By the seventeenth century, porcelain had overtaken stoneware as the ceramic of choice for wealthy Koreans and underglaze brown—once favored for decoration of Buncheong stonewares—enjoyed a brief revival, this time on porcelain vessels. These large, bulbous storage jars were formed by joining two bowls, one inverted on top of the other. The swelling surfaces of the jars give dimension and energy to curvilinear forms, as seen in particular in the swirl of the highly abstracted dragon.
Porcelain with iron-painted decoration under clear glaze
mid 17th century
overall: 12 11/16 x 14 9/16 in. (32.2 x 37 cm)
Height: 12 11/16 in. (32.2 cm)
Diameter: 14 9/16 in. (37 cm) (show scale)
This item is not on view
Gift of the Asian Art Council
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Dragon Jar, mid 17th century. Porcelain with iron-painted decoration under clear glaze, overall: 12 11/16 x 14 9/16 in. (32.2 x 37 cm). Brooklyn Museum, Gift of the Asian Art Council, 86.139. Creative Commons-BY (Photo: Brooklyn Museum, 86.139_SL1.jpg)
overall, 86.139_SL1.jpg. Brooklyn Museum photograph
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From "Korean Art Collection in the Brooklyn Museum" catalogue:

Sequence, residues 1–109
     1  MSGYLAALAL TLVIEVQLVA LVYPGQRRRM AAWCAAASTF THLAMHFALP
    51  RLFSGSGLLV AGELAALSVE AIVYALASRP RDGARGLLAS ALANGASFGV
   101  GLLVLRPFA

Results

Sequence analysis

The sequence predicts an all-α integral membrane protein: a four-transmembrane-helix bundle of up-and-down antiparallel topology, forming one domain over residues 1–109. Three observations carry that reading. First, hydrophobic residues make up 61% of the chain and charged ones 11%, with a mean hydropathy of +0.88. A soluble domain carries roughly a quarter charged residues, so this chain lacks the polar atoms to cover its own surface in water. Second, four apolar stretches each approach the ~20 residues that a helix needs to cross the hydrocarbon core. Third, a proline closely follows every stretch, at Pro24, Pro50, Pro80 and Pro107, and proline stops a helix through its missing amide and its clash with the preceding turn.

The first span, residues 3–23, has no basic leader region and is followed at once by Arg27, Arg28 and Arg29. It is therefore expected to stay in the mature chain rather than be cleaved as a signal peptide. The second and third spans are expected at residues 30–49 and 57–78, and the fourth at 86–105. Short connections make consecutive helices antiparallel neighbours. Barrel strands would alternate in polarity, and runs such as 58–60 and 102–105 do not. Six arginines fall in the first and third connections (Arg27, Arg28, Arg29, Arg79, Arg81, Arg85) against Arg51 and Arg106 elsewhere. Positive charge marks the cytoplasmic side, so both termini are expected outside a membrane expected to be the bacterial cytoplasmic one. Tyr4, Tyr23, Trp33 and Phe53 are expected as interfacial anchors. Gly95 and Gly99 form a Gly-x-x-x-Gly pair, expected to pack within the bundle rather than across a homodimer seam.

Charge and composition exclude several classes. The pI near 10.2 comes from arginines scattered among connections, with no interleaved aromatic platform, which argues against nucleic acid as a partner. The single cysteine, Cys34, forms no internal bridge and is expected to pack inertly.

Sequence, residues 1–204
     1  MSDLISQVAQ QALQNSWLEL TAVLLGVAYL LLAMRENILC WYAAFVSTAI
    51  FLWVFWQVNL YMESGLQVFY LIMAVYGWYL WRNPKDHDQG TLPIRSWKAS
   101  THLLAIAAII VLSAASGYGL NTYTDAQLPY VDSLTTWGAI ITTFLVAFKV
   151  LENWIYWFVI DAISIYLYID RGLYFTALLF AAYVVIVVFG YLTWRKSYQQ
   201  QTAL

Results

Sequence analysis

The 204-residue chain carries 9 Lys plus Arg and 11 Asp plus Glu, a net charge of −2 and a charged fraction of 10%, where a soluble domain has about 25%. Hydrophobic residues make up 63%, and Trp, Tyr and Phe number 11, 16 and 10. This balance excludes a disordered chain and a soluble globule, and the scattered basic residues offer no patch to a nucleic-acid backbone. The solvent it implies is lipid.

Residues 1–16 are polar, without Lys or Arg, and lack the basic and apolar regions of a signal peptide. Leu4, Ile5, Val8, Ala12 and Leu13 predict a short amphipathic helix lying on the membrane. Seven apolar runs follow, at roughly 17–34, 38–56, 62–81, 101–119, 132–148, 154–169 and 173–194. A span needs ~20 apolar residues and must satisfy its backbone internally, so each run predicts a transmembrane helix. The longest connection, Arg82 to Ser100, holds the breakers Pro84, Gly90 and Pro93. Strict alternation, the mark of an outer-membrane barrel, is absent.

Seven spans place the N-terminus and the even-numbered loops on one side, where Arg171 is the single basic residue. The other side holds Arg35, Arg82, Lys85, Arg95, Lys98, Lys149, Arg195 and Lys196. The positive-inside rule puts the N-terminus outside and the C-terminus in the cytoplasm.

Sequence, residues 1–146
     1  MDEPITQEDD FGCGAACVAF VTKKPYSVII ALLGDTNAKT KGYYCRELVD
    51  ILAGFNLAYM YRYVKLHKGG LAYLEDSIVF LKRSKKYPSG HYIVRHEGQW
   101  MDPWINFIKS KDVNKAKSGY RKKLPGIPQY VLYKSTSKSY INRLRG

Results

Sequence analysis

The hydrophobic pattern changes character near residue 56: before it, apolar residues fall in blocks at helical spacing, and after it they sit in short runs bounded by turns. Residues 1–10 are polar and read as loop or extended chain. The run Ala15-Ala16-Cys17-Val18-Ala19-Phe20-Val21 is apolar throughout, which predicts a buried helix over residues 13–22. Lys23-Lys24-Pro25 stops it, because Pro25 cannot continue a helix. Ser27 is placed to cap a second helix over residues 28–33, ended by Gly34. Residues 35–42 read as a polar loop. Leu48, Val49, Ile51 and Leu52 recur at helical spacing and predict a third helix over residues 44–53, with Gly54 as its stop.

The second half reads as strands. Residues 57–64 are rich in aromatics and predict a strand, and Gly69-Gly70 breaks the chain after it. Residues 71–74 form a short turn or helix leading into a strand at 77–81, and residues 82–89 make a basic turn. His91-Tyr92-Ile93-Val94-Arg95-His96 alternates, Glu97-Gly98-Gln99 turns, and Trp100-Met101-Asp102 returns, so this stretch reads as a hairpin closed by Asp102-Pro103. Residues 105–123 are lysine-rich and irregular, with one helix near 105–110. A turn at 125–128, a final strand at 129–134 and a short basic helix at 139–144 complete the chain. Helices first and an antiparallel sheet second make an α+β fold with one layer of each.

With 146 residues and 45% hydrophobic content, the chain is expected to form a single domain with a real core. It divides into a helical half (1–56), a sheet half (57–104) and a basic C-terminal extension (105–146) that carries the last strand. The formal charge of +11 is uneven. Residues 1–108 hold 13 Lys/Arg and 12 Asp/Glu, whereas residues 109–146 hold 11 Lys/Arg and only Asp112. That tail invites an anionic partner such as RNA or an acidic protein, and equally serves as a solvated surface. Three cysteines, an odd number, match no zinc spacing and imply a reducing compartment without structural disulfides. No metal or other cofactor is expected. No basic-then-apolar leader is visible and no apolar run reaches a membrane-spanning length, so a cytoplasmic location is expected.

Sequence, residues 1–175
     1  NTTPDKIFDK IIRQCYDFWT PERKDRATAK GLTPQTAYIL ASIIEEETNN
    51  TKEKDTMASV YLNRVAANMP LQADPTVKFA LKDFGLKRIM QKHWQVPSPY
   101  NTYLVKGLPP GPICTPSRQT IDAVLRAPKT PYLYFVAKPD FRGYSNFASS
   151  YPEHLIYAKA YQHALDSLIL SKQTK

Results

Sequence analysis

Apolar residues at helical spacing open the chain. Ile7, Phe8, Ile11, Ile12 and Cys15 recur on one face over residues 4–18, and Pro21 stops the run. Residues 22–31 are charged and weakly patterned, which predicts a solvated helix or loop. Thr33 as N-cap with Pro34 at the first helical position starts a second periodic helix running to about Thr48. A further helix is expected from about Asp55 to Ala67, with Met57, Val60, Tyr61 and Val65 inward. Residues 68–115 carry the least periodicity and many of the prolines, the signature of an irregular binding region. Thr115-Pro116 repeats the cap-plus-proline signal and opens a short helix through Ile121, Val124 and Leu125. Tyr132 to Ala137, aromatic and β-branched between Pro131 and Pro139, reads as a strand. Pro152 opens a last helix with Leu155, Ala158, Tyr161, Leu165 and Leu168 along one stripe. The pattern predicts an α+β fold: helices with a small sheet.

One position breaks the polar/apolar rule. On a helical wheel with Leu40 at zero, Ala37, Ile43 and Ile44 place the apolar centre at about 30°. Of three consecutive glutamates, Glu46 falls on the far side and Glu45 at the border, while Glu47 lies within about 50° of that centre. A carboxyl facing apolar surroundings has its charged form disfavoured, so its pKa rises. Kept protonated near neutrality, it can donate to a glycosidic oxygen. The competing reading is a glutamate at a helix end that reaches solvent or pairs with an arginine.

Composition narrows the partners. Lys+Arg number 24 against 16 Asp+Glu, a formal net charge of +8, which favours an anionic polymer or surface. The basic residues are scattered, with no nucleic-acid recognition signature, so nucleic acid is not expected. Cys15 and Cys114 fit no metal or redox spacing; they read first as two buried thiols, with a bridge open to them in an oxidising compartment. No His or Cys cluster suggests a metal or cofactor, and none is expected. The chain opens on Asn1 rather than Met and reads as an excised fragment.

The dragons that adorn seventeenth-century Joseon porcelain jars were conceived more as comical figures than the more traditional, sublime dragons that symbolized royalty. The political and economic instability of the period, caused by the Ming-Qing transition in China, affected the import of cobalt blue pigment from the continent, eventually leading Joseon potters to use iron oxide. The dragon decorating the surface of this jar has protruding round eyes and a wide-open mouth that suggest innocence and naiveté rather than furiousness. The limbless dragon, flying among the clouds, is depicted in an extremely simple manner with just a few strokes of the brush. There are a lot of impurities in the clay of the body, which is coated with a light gray glaze. It is a fine work of art that exhibits the distinctive characteristics of seventeenth century porcelain jars decorated with dragon designs in underglaze iron.
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